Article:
Sunday, 14 October 2012

Cultural Expectations in the Iliad and Troy – Burial Rites

In both the Iliad and Troy, when Achilles defeats and kills Hector in battle, he proceeds to tie Hector’s body to his chariot, and to the horror of Priam (Hector’s father), he proceeds to drag Hector’s body around the outskirts of Troy, dirtying and mutilating the corpse. To do this shows an incredible amount of disrespect towards Priam. However burials are so important to Priam that in desperation he sneaks into the Greek camp, putting his own life at risk, and pleads to Achilles:

“Do you really think death frightens me now? I watched my eldest son die, watched you drag his body behind your chariot. Give him back to me. He deserves a proper burial, you know that. Give him to me.“

And in the Iliad:

“If thou indeed art willing that I accomplish for goodly Hector his burial, then in doing on this wise, O Achilles, wilt thou do according to my wish”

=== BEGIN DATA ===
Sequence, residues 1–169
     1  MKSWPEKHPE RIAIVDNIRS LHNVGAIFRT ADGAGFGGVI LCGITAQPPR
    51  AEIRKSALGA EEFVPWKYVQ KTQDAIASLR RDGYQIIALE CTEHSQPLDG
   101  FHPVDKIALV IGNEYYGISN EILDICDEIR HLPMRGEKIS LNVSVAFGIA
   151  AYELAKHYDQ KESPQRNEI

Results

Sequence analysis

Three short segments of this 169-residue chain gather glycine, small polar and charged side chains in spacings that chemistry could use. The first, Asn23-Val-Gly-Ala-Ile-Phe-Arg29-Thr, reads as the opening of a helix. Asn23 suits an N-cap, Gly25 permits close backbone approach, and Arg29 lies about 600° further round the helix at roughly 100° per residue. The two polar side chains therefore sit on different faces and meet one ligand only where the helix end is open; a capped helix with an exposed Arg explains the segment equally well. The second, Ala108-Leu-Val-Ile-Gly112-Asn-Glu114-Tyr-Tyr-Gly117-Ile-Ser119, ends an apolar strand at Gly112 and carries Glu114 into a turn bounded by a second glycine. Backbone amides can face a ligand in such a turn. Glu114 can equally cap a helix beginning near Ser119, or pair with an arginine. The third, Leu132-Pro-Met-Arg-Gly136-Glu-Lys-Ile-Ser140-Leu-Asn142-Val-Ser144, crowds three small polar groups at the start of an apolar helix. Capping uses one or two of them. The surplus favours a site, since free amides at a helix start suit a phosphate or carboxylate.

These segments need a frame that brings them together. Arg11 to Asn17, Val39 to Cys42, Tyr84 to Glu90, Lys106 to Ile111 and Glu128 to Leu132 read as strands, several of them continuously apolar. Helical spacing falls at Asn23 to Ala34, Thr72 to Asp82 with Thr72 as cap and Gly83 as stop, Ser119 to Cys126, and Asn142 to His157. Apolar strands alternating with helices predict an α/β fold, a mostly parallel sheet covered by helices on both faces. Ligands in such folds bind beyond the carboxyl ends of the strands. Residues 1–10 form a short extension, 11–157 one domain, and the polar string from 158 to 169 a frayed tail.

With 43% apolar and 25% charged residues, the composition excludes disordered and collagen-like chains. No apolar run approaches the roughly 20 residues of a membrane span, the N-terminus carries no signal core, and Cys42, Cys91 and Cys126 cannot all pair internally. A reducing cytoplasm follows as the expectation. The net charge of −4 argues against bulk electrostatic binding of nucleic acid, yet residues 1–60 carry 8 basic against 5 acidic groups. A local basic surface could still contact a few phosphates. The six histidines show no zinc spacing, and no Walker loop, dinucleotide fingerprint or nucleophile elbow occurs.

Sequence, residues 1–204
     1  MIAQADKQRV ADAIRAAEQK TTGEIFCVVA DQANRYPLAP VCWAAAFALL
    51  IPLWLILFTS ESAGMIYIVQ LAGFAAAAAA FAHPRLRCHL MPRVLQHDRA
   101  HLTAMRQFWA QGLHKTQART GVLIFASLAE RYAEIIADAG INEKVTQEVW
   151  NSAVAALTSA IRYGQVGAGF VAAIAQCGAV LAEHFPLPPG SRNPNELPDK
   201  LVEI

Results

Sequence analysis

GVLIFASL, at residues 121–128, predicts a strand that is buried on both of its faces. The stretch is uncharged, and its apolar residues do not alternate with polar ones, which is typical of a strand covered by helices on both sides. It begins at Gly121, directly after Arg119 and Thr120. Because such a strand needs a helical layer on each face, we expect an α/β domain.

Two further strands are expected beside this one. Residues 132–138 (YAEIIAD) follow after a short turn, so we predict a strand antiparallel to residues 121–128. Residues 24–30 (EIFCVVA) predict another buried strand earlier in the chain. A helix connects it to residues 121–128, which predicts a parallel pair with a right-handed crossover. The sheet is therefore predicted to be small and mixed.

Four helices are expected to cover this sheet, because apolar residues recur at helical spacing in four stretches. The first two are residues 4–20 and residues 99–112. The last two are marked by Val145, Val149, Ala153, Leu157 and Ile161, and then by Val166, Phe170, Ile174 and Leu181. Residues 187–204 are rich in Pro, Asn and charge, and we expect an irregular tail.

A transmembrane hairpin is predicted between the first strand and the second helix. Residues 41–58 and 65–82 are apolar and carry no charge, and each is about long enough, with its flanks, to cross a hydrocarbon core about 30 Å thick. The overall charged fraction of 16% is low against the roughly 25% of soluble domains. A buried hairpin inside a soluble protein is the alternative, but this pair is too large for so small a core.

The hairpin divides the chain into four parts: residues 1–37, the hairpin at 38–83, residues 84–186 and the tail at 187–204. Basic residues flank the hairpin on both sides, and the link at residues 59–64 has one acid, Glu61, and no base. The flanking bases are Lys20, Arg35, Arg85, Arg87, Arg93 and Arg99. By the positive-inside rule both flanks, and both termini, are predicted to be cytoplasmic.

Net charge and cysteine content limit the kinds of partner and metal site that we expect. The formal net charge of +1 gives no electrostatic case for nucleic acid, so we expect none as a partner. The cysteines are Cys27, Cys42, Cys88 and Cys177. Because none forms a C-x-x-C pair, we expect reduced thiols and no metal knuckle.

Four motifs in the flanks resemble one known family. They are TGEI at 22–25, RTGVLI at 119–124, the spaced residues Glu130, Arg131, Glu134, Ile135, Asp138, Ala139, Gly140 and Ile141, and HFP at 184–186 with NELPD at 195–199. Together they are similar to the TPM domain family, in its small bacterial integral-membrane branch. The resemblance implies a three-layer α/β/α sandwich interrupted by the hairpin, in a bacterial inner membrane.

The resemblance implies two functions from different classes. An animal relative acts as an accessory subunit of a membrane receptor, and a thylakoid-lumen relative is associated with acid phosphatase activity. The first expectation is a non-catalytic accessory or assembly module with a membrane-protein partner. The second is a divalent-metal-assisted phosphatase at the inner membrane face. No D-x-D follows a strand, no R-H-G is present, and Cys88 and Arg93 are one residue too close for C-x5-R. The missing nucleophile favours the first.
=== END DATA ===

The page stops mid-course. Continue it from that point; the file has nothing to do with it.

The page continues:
In both cases Hector is granted a proper burial and his body is burnt upon a funeral pyre. In the film the burial is so important to Priam that he kisses Achilles hand, saying:

“I have endured what no one on earth has endured before. I kissed the hands of the man who killed my son. “

A vase depicting Achilles fighting Hector

This emphasizes the importance of burial rites for the dead as a cultural expectation and expected code of behaviour in the ancient world, as the father a Troy’s greatest warrior pleads with the greatest warrior of the Greeks to give Hector a burial, and Achilles obliges, despite Hector having killed Patroclus(in the film he is cousin of Achilles, in the Iliad he is his closest friend).

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